University of Tennessee students protest during national anthem over handling of alleged blackface photo

A group of about four dozen black-clad University of Tennessee students attending the final home men's basketball game of the year sat during the national anthem Tuesday night in a silent but conspicuous protest of the school's handling of an alleged blackface photo scandal.

The section of demonstrators easily stood out amid a sea of spectators, largely dressed in the school's vibrant orange and white, who stood for "The Star-Spangled Banner" before the Volunteers took on Mississippi State, Knox News reported.


The students were protesting the university’s response after the emergence of a Snapchat photo appearing to show two students in blackface. The picture, which was widely disseminated after it was screenshotted and tweeted by a student who wasn't in the photo, was captioned: “We for racial equality boys. Bout to get this free college now that I’m black let’s goooooo #blacklivesmatter."

The same student who retweeted the original photo also tweeted last week a direct message from one of the men in the picture, who apologized for the racially-charged caption and tried to offer a defense for the photo's content. Fox News couldn't independently verify the identity of the student who apologized, so he is not being named.

"I just want to let you know that I am so beyond sorry for the Snapchat picture," the message read. "We were putting on charcoal face masks to help with acne, and I decided to write a joke that was certainly not funny in the least. It was immature, and it doesn't reflect my true personality and I am so so sorry. To any offended from this, I hope you can as well find it in you to forgive me for my actions."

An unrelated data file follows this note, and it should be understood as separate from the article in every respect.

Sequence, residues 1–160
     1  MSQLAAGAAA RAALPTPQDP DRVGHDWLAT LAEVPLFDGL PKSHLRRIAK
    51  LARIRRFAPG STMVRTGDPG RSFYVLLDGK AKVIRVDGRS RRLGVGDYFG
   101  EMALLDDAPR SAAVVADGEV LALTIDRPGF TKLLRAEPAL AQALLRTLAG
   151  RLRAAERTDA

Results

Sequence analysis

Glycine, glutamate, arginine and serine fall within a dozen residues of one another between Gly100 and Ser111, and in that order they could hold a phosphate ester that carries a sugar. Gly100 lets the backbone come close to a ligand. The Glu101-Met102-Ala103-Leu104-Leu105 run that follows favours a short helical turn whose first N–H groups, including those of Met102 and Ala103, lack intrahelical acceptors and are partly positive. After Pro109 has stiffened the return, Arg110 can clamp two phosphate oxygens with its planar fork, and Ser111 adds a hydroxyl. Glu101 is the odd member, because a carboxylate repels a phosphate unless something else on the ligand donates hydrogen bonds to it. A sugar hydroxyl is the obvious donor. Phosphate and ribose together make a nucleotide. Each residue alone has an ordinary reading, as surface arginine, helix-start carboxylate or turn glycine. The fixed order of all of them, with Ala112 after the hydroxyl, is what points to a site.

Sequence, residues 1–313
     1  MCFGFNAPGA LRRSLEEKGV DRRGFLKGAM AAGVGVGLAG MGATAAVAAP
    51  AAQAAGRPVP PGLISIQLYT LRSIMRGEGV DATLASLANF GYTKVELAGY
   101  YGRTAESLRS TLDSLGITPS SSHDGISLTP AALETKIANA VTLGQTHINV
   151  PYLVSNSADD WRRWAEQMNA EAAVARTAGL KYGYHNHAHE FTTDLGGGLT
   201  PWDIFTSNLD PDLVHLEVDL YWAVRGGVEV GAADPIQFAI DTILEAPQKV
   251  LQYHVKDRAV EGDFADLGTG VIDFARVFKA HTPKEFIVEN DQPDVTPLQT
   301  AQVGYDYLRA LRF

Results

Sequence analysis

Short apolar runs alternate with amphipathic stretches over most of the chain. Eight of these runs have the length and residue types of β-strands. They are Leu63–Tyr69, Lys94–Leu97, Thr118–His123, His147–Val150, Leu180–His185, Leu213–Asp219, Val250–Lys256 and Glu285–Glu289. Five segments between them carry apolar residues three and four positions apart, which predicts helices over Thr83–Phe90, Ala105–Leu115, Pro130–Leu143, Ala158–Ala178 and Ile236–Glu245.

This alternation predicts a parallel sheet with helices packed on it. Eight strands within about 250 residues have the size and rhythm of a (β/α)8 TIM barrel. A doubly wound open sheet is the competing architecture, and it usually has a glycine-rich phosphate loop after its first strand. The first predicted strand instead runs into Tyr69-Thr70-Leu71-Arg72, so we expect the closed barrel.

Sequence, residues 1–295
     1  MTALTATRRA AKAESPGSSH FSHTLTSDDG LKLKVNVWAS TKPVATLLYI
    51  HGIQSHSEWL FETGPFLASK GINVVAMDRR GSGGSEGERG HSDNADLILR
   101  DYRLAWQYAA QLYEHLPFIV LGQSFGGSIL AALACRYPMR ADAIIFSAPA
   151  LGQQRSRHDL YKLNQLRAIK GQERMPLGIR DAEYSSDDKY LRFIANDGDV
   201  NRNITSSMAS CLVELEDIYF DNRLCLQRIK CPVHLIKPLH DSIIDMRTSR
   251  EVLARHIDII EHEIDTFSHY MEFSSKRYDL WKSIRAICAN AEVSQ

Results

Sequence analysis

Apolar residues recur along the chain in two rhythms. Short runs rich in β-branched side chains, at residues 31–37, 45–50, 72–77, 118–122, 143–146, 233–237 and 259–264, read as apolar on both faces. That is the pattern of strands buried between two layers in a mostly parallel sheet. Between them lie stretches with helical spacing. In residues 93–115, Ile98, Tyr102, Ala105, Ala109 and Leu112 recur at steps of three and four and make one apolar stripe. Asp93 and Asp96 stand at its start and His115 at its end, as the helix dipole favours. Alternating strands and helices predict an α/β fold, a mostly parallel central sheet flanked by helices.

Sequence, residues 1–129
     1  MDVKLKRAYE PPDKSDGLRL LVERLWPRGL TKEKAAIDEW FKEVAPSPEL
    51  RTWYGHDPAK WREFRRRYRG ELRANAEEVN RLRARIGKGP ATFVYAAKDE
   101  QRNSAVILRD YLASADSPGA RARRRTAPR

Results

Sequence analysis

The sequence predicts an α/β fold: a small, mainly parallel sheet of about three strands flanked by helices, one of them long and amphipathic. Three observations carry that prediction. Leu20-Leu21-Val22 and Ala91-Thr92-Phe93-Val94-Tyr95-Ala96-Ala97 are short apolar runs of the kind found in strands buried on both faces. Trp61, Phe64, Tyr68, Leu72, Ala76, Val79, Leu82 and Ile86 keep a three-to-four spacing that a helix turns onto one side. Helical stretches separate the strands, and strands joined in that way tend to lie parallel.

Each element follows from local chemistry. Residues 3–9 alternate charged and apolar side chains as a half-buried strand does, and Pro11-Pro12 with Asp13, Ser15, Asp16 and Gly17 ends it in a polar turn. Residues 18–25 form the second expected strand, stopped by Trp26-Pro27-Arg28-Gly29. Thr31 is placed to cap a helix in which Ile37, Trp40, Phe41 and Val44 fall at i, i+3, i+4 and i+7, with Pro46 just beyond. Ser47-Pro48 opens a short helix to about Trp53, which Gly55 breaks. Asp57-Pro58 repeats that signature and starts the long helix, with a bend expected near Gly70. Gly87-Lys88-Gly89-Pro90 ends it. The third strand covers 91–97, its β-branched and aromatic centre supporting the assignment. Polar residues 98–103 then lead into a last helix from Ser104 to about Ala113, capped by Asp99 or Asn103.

The university issued a statement last week condemning the post and the school’s Vice Chancellor for Student Life, Vince Carilli, said administrators were still deciding how to discipline the students seen in the photo, though Carilli said it was unlikely any of the men would get expelled.

But the lack of immediate punitive action appeared to have frustrated the demonstrators, who on Tuesday night were heard chanting, “Hey, hey, ho, ho, racism has got to go.”

They also chanted, “No justice, no peace, no racist UT,” according to Knox News, which added that most students left before the start of the second half.


It’s unclear what discipline the students could face. Campus officials have reportedly said more work need to be done at the school to include diversity.

Justin Hill was among the students who were marching before the game. He told WATE-TV he believes many on campus haven’t’ been treated fairly.

“I'm angry. I'm really mad that I feel my voice doesn't matter. The fact that I feel like the voices of my LGBTQ brothers and sisters do not matter. I'm sick and tired of feeling like anything related to racism or homophobia or whatever, people get away with it,” he said.

Maria Urias, a member of the student government, also told the station that she was advocating for an anti-racism provision in the university’s code of conduct.

“So many of my closest friends have come to me crying. I've seen the pain at these forums and we're not ok with it,” she said.